Microsoft’s Big-Data Angle: Office as a Friendly Front-End
Microsoft has big plans for big data and a new vision for its use that the company hopes will re-establish it as an innovator in a crucial business sector.
At a Tuesday event in San Francisco, Microsoft CEO Satya Nadella and a handful of other executives gave an overview of the latest refinements to the company’s big-data strategy, ones Nadella says will democratize big-data analytics, allowing even non-data scientists to make sense of the torrent of machine-generated data available to them these days.
“The core evolution of silicon, software and hardware is putting computing everywhere humans are present,” Nadella said. “And it’s generating a massive data exhaust of server logs, sensor data and unstructured social stream information. We can use that exhaust to create ambient intelligence for our users.”
Filter out the big-data buzzwords, and what Nadella is saying is pretty simple. The Internet of Things produces massive quantities of raw information. Microsoft wants to mine that information for actionable business insights. And because the company controls a popular big-data back end in SQL, Azure and Hadoop and an equally popular front end in Office, it’s in prime position to do just that.
“We want our users to be able to reason over all their data, no matter where it lives,” Nadella said. “And one way we’re doing that is with Office. Think of Office as a canvas or scaffolding from which users can access all their data.”
In other words, think of Office as a UI for data, an application through which you can derive big-data insights by simply asking questions — assuming you’re already running Microsoft’s database stuff on the back end. Microsoft, for example, used Excel to manage its own heating costs, crunching facilities’ power consumption data to identify a building on its Redmond campus that was being unnecessarily heated at significant expense. Another scenario: A company tracing a sudden decline in product sales to a negative shift in consumer sentiment, by cross-referencing regional sales with certain Twitter hashtags — again, through a few simple searches in Excel.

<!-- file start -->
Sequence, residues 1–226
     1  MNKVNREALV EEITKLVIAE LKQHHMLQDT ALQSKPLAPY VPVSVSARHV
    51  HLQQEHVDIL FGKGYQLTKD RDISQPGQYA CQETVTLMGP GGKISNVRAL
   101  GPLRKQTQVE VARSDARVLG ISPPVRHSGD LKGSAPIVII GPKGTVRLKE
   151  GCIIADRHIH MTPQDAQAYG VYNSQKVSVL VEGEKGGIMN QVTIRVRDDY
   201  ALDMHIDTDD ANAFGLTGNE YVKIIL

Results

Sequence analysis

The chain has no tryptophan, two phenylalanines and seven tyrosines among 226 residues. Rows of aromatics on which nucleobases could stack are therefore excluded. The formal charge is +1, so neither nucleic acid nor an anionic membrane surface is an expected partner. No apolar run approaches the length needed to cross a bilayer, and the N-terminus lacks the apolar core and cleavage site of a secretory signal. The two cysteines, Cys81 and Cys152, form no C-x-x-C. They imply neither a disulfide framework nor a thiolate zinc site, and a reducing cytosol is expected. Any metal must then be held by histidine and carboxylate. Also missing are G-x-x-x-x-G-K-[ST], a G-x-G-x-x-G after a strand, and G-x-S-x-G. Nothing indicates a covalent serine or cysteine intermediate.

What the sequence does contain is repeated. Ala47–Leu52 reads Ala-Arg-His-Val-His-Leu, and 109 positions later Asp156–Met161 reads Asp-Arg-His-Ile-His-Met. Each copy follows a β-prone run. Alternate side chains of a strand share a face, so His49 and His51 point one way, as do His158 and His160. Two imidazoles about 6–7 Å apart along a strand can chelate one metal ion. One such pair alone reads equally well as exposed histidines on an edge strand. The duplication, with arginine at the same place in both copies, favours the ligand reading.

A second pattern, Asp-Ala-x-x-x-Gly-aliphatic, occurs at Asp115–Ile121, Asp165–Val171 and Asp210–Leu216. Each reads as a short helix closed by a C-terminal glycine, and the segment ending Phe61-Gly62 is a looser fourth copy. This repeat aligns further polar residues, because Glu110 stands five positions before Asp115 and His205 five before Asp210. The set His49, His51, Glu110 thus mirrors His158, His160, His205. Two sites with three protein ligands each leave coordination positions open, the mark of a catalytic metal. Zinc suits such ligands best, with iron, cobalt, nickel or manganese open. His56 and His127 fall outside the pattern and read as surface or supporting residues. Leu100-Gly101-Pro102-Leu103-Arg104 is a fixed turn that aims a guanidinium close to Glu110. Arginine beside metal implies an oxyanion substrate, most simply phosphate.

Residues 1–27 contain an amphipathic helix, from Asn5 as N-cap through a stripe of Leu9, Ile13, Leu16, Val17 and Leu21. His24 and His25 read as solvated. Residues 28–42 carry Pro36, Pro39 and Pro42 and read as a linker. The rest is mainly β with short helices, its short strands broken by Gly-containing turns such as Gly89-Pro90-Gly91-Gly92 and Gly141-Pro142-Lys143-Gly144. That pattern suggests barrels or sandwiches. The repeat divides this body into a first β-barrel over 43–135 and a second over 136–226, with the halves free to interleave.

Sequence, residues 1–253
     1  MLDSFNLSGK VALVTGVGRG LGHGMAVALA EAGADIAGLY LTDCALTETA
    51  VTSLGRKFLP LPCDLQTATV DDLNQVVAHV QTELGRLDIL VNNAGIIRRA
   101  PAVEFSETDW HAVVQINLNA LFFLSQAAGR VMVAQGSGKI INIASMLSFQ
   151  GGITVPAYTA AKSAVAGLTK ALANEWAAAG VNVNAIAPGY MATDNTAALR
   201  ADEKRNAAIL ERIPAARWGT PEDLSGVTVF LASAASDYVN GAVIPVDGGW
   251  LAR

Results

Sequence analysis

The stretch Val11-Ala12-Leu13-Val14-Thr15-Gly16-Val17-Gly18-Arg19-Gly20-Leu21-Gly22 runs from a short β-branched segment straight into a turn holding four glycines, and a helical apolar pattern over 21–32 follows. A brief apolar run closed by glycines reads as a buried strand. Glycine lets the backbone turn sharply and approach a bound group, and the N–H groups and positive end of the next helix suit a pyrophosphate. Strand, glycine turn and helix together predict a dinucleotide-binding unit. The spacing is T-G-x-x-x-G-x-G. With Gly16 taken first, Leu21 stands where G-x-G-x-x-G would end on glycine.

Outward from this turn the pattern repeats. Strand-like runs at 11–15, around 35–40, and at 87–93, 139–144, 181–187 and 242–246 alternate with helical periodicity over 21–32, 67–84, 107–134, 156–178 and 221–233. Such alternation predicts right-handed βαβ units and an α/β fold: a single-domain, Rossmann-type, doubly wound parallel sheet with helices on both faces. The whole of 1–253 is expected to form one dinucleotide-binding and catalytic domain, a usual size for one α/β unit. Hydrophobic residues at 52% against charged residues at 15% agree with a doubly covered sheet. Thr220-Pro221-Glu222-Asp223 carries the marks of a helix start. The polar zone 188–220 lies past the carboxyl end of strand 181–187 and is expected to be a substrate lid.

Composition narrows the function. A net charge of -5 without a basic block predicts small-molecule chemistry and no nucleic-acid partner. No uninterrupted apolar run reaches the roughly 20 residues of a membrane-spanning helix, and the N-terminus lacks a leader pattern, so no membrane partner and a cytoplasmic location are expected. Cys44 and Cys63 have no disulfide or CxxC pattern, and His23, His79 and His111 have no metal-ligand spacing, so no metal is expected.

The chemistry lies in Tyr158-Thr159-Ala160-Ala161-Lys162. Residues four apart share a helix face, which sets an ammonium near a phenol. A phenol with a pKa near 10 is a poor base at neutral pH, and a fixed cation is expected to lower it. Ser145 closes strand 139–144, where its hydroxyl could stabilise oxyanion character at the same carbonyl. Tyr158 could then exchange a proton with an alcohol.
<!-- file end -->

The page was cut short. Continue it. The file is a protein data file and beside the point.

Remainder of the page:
Deriving insights from structured data simply by asking a question of a familiar application? That’s a pretty compelling proposition for business users. And it’s a savvy move for Microsoft, which is using its Office suite of apps to expand the audience of who can and will be empowered by the data its SQL Server 2014 and Analytics Platform System are already generating.